Gogoro, the Taiwanese electric vehicle company, has announced its first manufacturing partners. Yamaha, Aeon Motor and PGO will all launch new scooters this summer that run on Gogoro’s swappable batteries and charging infrastructure.
This means consumers who like Gogoro’s battery system will have a choice between buying Gogoro’s own scooters or scooters from its three partners. All scooters that use Gogoro’s energy network can exchange batteries at the 1,300 GoStations currently in Taiwan.
Beyond its own electric scooters, Gogoro sees its technology, most of which is developed in-house, as an open platform for electric vehicles, with the goal of reducing pollution in cities with heavy traffic. It recently launched a ridesharing platform that can be used as a white-label solution by companies that want to launch their own electric scooter-sharing program (Gogoro’s scooters are already use by Coup, the European ridesharing startup).
For a deeper look into the company’s origins and plans, Extra Crunch subscribers can read a recently published interview with Gogoro co-founder and CEO Horace Luke.
Hello and welcome back to Startups Weekly, a weekend newsletter that dives into the week’s noteworthy startups and venture capital news. Before I jump into today’s topic, let’s catch up a bit. Last week, I noted some challenges plaguing mental health tech startups. Before that, I wrote about Zoom and Superhuman’s PR disasters.
Anyway, onto the subject on everyone’s mind this week: SoftBank’s second Vision Fund.
Well into the evening on Thursday, SoftBank announced a target of $108 billion for the Vision Fund 2. Yes, you read that correctly, $108 billion. SoftBank indeed plans to raise even more capital for its sophomore vehicle than it did for the record-breaking debut vision fund of $98 billion, which was majority-backed by the government funds of Saudi Arabia and Abu Dhabi, as well as Apple, Foxconn and several other limited partners.
Its upcoming fund, to which SoftBank itself has committed $38 billion, has attracted investment from the National Investment Corporation of National Bank of Kazakhstan, Apple, Foxconn, Goldman Sachs, Microsoft and more. Microsoft, a new LP for SoftBank, reportedly hopped on board with the Japanese telecom giant as part of a grand scheme to convince the massive fund’s portfolio companies to transition to Microsoft Azure, the company’s cloud platform that competes with Amazon Web Services . Here’s more on that and some analysis from TechCrunch editor Jonathan Shieber.
News of the second Vision Fund comes as somewhat of a surprise. We’d heard SoftBank was having some trouble landing commitments for the effort. Why? Well, because SoftBank’s investments have included a wide-range of upstarts, including some uncertain bets. Brandless, a company into which SoftBank injected a lot of money, has struggled in recent months, for example. Wag is said to be going downhill fast. And WeWork, backed with billions from SoftBank, still has a lot to prove.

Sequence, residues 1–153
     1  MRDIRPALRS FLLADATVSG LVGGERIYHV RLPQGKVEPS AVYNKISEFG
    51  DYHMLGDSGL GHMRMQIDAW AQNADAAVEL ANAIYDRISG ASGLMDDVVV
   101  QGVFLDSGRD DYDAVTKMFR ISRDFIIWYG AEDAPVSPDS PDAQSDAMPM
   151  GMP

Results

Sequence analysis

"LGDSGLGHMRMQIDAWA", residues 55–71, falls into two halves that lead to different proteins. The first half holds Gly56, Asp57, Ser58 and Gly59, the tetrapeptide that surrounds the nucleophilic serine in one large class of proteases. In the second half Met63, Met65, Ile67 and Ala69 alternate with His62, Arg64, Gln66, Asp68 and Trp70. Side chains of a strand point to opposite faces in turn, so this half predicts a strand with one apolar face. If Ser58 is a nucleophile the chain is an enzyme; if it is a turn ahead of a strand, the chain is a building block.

Here’s everything else we know about The Vision Fund 2:
On to other news…
The company made headlines again this week after word slipped it was accelerating its IPO plans and targeting a September listing. We don’t know much about its IPO plans yet as we are still waiting on the co-working business to unveil its S-1 filing. Whether WeWork can match or exceed its current private market valuation of $47 billion is unlikely. I expect it will pull an Uber and struggle, for quite some time, to earn a market cap larger than what VCs imagined it was worth months earlier.
The consumer financial app made headlines twice this week. The first time because it raised a whopping $323 million at a $7.6 billion valuation. That is a whole lot of money for a business that just raised a similarly sized monster round one year ago. In fact, it left us wondering, why the hell is Robinhood worth $7.6 billion? Then, in a major security faux pas, the company revealed it has been storing user passwords in plaintext. So, go change your Robinhood password and don’t trust any business to value your security. Sigh.
While we’re on the subject on fintech, TechCrunch editor Danny Crichton noted this week the rise of mega-rounds in the fintech space. This week, it was personalized banking app MoneyLion, which raised $100 million at a near unicorn valuation. Last week, it was N26, which raised another $170 million on top of its $300 million round earlier this year. Brex raised another $100 million last month on top of its $125 million Series C from late last year. Meanwhile, companies like payments platform Stripe, savings and investment platform Raisin, traveler lender Uplift, mortgage backers Blend and Better and savings depositor Acorns have also raised massive new rounds this year. Naturally, VC investment in fintech is poised to reach record levels this year, according to PitchBook.